I ran into two unforeseen problems in the maintenance of my blogs. One of these problems I have solved, the other I have not.
When I first established this blog, I set up a free file sharing account at a website known as MediaMax. Using the MediaMax free service, I would be able to upload my school documents and link to them from this site for others to download. This enabled me to provide easy access to the array of PDF files and the podcast that reside within my various posts. However, within the last few months, MediaMax changed nearly everything about its philosophy. The website changed its name to The Linkup and switched over to a completely paid system. Given the fact that I was using the free service, all of my files were removed. This left me a with a bunch of dead links on my blog, not where I wanted to be after putting in a lot of time and research to set up the links properly.
I did not want to pay for the new service on The Linkup, as that totally went against my philosophy on using freely provided services (hence the reliance on Google for this whole endeavor). I had to find something different. I uploaded all of the files (except the podcast) to my Google Documents page, but I could not successfully link to them from my blog. I eventually settled on a free file sharing service called Box.net, and all of the files are now accessible to all interested parties.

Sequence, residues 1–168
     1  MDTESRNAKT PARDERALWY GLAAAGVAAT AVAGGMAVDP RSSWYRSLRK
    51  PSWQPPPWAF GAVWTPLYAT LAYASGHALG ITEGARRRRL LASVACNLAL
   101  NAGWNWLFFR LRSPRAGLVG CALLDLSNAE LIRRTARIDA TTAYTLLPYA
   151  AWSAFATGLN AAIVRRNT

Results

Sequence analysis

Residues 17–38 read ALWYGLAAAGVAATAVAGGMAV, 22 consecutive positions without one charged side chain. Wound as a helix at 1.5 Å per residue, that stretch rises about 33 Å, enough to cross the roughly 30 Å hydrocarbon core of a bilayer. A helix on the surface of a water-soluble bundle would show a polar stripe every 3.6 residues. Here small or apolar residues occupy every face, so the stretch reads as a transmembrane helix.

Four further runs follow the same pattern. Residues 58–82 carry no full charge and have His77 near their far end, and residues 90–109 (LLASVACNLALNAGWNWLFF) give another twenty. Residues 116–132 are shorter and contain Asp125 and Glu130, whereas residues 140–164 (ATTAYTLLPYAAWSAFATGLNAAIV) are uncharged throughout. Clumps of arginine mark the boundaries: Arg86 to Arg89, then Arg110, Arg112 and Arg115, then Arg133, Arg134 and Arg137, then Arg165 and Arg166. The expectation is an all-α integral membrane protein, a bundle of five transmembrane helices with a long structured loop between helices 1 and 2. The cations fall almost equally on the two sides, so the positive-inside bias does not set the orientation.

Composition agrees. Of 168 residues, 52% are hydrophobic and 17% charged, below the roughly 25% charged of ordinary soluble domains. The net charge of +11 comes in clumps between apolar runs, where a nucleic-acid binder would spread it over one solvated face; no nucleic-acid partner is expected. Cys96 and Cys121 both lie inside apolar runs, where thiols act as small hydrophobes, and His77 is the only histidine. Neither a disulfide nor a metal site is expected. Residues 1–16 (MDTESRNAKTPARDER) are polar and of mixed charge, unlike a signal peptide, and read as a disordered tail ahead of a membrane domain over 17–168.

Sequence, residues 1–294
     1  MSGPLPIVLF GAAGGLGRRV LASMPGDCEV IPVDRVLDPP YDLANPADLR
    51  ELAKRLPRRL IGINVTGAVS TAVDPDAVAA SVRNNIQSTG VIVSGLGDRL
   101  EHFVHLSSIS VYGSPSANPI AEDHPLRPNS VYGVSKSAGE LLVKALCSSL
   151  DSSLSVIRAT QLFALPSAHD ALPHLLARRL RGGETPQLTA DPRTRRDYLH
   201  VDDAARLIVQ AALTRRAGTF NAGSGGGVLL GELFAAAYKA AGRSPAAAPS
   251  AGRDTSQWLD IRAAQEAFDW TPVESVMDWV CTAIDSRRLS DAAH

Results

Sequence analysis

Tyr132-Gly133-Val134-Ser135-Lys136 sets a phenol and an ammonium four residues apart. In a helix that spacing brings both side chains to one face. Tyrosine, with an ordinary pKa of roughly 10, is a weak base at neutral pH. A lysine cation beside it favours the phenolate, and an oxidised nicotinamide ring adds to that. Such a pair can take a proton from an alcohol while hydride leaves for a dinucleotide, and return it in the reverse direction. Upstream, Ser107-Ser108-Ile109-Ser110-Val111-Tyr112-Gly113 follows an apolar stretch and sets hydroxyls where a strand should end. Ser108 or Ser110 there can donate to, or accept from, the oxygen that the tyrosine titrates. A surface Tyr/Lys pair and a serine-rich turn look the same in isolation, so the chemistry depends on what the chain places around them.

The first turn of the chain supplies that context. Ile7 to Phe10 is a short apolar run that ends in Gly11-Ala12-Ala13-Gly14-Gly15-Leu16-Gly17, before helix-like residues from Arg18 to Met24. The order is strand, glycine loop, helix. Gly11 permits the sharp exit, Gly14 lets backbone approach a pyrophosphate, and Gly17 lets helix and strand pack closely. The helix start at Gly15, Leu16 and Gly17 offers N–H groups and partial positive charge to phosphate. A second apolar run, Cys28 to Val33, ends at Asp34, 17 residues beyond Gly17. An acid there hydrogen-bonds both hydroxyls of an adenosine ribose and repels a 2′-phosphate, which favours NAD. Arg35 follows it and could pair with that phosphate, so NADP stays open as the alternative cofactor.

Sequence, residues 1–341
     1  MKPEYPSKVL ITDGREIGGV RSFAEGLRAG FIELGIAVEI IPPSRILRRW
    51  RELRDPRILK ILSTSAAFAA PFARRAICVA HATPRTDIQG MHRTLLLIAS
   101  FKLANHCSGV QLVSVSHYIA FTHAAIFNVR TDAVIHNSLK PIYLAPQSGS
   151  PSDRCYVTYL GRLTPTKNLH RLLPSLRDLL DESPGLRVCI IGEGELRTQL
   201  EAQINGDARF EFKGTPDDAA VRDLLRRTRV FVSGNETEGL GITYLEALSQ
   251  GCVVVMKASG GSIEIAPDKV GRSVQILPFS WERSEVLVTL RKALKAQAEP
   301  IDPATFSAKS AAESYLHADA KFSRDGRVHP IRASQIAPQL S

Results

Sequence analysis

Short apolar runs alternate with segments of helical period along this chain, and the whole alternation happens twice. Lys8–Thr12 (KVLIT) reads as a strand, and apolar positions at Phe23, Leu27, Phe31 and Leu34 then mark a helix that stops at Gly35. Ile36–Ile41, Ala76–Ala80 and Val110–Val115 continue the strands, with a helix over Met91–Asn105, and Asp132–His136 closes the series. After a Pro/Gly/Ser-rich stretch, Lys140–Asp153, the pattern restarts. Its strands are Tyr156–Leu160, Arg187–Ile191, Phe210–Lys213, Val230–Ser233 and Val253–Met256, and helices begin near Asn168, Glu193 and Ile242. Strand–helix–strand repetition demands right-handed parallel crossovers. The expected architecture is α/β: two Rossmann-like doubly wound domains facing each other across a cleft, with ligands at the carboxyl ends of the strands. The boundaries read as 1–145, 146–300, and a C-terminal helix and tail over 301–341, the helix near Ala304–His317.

The other technology problem is still, sadly, without a solution. A short time after establishing this blog, I set up a second one for use with my classes. On it, I would detail my class assignments and post handouts for each day. About two months after setting it up, however, Dumont High School's administration announced an edict stating that teachers will not be allowed to maintain web sites outside of district control. I had to stop updating the site. All of the previously entered text is still posted for posterity, but I lost my method of sharing my day's activities for students and parents to read outside of school. I understand Dumont High School's concern for student safety in the public domain, especially in the days of internet predators and hackers. But, I still don't know how to replace this service. I think the school is struggling with this, as well, as the administrators are still searching for an in-house equivalent to the options teachers have for creating content on the world wide web.
The most important message of this post is that using technology is not a simple matter of tapping some buttons and watching magic happen. There are many different concerns and problems, some of them within our control, some of them unforeseen. Trying to get out in front of a new movement in education will obviously have some early-adopter problems. I was happy and lucky to solve one of them (although I currently have no contingency if Box.net changes, as well), but I am still searching for a solution to the second one. I will post if there are any new developments.